3: Ujarma

Not much is left of this fortress, but during the time of King Vakhtang Gorgasali, Ujarma was one of Georgia’s largest cities and was the country’s second most important center for the spread of Christianity, after Mtskheta. Ujarma is located above the Iori river in a narrow pass in the Gombori Ridge, which divides the Alazani Valley from the Iori Plateau. The fortress once connected trade and commerce between central Georgia and Kakheti. Due to the fort's prominence on Georgia's southeastern border, Ujarma also served as Georgia’s main defense from the Persians, who would often attack from the southeast. Vakhtang Gorgasali used Ujarma as his second residence, and, ultimately, died here. Following the death of Gorgasali, the fortress began to decline in its importance. Nevertheless, Ujarma played a crucial role in integrating Kakheti into Georgia.

The ruins of Ujarma offer commanding views of the Gombori Ridge. Photos by Visiting-Georgia

4: Parliament of Georgia

Aside from being the main government body in Georgia, the Parliament of Georgia has stood witness to many of Georgia’s most infamous moments in recent history. It is from the small square in front of the Parliament that the 9th of April protests occurred, which would ignite the Georgians’ desire for independence from the USSR. The building fell victim to grenades, shellfire, and arson during the civil war that engulfed Tbilisi during the early 1990s, and it was in the parliament chamber that President Eduard Shevardnadze and the remnants Soviet rule were overthrown in 2003 in the Rose Revolution. Today, this building and its plaza are at the heart of Georgian society, hosting somber protests and joyous celebrations alike.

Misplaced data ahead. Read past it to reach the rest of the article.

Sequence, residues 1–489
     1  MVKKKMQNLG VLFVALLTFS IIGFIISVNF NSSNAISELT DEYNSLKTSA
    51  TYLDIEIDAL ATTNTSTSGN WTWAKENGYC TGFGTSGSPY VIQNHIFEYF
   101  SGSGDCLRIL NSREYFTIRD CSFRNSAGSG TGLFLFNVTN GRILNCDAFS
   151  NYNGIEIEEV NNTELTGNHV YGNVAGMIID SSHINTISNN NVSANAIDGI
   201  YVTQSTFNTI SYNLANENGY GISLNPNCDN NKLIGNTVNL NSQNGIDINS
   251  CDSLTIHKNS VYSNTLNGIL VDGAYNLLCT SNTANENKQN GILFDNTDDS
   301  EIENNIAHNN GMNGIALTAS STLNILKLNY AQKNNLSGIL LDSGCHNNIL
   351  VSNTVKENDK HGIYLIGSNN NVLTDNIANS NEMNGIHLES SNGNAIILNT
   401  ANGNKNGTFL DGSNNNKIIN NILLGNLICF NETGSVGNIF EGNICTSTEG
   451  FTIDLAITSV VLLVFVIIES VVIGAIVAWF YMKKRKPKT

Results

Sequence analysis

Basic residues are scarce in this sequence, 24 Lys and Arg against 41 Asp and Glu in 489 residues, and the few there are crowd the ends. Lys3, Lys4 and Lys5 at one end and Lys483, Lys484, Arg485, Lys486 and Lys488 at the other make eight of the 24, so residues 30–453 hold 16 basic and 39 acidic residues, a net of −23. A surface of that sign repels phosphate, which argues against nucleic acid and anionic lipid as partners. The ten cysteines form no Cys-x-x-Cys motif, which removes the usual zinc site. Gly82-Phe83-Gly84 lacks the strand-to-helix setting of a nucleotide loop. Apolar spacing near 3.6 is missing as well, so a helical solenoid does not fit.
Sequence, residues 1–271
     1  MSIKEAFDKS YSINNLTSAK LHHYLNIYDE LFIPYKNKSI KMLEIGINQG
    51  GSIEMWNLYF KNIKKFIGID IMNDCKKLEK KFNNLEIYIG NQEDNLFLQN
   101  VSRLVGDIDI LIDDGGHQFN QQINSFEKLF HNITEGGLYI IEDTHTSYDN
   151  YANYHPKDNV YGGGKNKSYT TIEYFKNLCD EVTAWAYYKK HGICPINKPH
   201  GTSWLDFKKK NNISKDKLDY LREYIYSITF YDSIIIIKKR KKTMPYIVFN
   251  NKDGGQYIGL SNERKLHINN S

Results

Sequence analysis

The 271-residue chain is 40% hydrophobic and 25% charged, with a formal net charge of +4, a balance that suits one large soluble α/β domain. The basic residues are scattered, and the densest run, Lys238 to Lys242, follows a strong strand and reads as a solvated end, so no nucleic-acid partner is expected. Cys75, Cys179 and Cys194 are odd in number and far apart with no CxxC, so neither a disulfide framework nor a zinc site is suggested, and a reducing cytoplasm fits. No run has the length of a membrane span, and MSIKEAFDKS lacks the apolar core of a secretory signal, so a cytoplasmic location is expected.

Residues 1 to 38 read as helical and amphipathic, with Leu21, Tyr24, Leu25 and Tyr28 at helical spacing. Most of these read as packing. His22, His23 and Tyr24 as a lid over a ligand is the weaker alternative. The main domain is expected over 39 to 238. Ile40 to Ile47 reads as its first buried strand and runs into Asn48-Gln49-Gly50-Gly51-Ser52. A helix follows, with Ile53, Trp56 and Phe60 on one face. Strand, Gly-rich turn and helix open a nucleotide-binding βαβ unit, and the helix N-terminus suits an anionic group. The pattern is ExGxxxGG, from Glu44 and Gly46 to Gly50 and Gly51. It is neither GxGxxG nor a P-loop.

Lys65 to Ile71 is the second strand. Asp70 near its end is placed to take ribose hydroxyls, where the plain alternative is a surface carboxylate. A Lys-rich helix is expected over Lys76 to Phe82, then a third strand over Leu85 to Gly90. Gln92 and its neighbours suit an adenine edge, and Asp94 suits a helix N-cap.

Georgian Parliament, Tbilisi
Parliament was the site of the 9 April Tragedy, a civil war, and is now the heart of Georgian civics. Photos from Visting-Georgia

5: Gelati Monastery

Located just outside of Kutaisi, Gelati Monastery was Georgia’s leading political, educational, and religious institution. King Davit Aghmashenebeli ordered the monastery to be built--a move meant both to connect the Georgian Orthodox Church to the crown by requiring the church to repay the crown for the monastery's construction, but also tied Georgia to the West. As a physical structure, it is Georgia’s best example of Medieval Byzantine architecture, and one of the largest Byzantine structures east of the former Byzantine Empire. The monastery has over 40 portraits, has exquisite mosaics and artwork, and its architectural integrity hasn’t been lost over the centuries. As a cultural institution, Gelati Monastery represents not only Georgia's desire for Western integration, but also the battle between the Georgian Orthodox Church and the Georgian state for authority in Georgia.

Gelati Monastery, Kutaisi, Imereti
Gelati Monastery is one of the world's best examples of medieval Byzantine art and architecture. Photos by Visiting-Georgia

Recent Posts

See All


bottom of page